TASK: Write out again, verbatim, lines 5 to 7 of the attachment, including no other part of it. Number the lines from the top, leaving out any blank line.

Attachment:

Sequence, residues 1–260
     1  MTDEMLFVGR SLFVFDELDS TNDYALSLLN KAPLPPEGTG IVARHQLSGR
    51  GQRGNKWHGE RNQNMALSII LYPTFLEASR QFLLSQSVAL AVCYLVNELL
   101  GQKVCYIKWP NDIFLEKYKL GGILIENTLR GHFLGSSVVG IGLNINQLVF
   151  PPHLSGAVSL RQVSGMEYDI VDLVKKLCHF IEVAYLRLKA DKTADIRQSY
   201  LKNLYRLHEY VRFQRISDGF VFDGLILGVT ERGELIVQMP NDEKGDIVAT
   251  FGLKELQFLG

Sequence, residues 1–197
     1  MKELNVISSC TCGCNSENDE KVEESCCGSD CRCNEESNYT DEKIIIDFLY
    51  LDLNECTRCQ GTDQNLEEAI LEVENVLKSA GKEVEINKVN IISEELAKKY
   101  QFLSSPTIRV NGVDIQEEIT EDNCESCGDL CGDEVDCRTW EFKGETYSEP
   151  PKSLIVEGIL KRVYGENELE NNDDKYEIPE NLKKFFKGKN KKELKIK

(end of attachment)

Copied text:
   151  PPHLSGAVSL RQVSGMEYDI VDLVKKLCHF IEVAYLRLKA DKTADIRQSY
   201  LKNLYRLHEY VRFQRISDGF VFDGLILGVT ERGELIVQMP NDEKGDIVAT
   251  FGLKELQFLG